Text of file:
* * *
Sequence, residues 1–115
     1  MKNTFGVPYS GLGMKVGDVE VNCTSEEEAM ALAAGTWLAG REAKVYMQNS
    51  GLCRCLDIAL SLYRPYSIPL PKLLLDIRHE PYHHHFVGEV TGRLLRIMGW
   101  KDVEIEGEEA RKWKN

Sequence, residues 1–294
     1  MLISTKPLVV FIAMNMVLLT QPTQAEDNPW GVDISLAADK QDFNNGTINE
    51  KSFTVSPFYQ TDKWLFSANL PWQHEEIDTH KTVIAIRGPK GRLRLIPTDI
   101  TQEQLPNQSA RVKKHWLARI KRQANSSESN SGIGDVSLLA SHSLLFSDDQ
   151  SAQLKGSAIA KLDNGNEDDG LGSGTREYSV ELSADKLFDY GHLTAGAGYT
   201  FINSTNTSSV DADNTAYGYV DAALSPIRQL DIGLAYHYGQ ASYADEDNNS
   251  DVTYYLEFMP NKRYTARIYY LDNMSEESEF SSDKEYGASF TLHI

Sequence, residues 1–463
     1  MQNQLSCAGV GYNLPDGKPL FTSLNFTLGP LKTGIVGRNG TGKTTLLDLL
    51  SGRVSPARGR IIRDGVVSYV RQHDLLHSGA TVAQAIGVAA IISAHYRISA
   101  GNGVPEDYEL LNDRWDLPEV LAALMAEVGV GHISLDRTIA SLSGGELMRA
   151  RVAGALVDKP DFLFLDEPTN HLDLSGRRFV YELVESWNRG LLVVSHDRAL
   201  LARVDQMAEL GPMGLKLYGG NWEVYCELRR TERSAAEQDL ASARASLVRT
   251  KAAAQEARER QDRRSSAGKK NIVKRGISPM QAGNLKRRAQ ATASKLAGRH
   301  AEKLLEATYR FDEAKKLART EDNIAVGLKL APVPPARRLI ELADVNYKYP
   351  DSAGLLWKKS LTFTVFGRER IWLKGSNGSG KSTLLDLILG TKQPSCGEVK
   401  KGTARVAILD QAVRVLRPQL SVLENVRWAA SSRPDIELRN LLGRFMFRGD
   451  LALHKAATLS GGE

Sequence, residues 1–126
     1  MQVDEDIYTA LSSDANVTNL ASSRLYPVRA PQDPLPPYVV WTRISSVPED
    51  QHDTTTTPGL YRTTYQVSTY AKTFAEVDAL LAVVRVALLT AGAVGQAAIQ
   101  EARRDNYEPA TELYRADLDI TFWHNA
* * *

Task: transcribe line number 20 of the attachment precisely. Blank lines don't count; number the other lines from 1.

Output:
   351  DSAGLLWKKS LTFTVFGRER IWLKGSNGSG KSTLLDLILG TKQPSCGEVK